Bariatric Surgery for weight loss in obese patients with type 2 diabetes helped many to reduce their blood sugar to healthy levels and not need more medication for the disease three years after the procedure, according to data presented at a major medical meeting on Monday.
The operation also helped patients to reduce the need for treatments for high blood pressure and cholesterol and led to improvements in quality of life compared with those who received medical therapy for weight loss, the researchers discovered.
The study, called Stampede, which involved 150 obese patients who had type 2 mellitus diabetes for at least eight years, was led by researchers at the Cleveland Clinic.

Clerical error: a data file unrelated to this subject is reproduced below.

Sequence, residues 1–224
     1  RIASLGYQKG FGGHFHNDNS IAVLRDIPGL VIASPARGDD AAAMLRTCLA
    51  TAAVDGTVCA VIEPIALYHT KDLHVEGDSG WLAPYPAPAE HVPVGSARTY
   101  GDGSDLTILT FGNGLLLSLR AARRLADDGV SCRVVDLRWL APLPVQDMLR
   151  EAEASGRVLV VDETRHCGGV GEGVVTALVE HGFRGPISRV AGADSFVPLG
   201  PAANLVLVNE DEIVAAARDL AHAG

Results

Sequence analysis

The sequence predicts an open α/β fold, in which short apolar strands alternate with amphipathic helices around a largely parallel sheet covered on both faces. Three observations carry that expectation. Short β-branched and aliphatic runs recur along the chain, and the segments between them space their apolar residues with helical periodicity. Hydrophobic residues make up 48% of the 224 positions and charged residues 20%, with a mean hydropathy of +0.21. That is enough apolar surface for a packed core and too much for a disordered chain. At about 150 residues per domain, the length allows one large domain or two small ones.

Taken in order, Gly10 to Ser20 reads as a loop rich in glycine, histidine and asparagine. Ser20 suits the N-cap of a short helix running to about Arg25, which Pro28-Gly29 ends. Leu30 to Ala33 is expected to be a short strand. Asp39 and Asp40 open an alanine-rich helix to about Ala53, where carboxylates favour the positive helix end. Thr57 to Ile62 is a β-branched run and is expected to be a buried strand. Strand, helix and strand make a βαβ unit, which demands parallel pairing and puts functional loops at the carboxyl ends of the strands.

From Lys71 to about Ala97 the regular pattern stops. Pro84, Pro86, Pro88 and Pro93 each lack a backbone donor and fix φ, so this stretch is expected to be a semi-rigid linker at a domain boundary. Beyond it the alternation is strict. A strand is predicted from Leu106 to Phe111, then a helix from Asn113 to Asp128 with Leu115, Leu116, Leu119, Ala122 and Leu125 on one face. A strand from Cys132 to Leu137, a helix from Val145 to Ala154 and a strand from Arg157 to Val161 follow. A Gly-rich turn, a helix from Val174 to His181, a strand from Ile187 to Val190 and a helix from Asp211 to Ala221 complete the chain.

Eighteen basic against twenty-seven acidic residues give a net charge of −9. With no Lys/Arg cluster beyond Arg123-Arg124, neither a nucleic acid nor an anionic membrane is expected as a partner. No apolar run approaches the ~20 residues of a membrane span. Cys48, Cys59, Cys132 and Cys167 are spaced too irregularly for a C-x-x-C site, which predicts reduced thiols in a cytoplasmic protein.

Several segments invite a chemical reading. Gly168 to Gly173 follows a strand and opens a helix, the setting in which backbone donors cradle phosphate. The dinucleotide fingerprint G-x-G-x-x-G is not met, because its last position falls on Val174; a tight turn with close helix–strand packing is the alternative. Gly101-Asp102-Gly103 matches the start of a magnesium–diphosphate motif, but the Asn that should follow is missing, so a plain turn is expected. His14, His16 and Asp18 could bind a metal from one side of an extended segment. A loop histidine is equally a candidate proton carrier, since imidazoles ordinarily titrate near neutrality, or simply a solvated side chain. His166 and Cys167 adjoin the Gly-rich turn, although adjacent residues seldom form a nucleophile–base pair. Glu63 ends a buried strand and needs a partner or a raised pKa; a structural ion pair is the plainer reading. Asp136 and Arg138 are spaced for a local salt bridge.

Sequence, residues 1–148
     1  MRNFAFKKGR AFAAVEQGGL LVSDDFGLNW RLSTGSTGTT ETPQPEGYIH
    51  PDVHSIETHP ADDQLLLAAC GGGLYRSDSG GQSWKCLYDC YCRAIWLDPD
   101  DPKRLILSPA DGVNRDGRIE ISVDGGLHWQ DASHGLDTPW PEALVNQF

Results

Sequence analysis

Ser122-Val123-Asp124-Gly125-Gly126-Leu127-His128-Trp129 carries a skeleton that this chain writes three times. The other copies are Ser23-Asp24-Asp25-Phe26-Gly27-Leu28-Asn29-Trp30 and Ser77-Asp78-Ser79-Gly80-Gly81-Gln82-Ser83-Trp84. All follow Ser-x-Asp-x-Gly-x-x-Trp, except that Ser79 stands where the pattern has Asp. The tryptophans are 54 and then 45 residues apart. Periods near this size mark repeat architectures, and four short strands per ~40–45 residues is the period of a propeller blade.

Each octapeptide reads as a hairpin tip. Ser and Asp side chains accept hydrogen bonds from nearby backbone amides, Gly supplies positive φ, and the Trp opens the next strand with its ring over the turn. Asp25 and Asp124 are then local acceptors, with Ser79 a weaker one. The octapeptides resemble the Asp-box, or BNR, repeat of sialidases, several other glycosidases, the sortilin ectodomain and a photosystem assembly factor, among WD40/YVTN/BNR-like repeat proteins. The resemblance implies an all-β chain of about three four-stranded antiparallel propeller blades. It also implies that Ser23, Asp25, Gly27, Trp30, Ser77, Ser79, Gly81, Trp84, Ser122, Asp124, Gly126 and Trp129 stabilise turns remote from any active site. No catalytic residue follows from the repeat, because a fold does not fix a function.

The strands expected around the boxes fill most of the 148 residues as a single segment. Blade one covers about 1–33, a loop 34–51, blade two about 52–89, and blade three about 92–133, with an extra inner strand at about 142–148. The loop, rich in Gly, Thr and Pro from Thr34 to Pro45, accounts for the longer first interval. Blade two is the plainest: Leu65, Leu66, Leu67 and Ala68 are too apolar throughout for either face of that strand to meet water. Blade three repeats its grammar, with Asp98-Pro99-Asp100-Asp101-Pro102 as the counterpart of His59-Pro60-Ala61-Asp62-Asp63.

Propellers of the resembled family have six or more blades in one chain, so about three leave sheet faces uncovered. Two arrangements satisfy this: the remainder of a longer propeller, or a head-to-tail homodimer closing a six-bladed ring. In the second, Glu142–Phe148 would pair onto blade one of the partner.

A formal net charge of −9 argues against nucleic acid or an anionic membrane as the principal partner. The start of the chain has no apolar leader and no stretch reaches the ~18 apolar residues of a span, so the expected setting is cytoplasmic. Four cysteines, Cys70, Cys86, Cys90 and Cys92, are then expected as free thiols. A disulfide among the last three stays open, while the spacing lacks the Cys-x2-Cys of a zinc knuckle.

They compared two types of surgery for weight loss with weight loss achieved with diet and exercise along with advice from nutritionists and, in some countries, additional drugs for diabetes which may help promote weight-loss, such as Novo Nordisk’s Victoza.
More than one third – 37.5 per cent- of the patients who underwent a gastric bypass and a quarter of those who had a gastrectomy were able to acheive levels of sugar in the blood below those recommended by the American Diabetes Association (ADA) and did not need more drugs to control it, researchers said.
This compares with only 5% of the patients in the medical therapy group who achieved an Figure equal to or less than six per cent.The ADA recommends levels of seven per cent or less.
Three years later, only 5 to 10 percent of the patients with surgery still used insulin, compared with 55 per cent of those of the medical therapy group.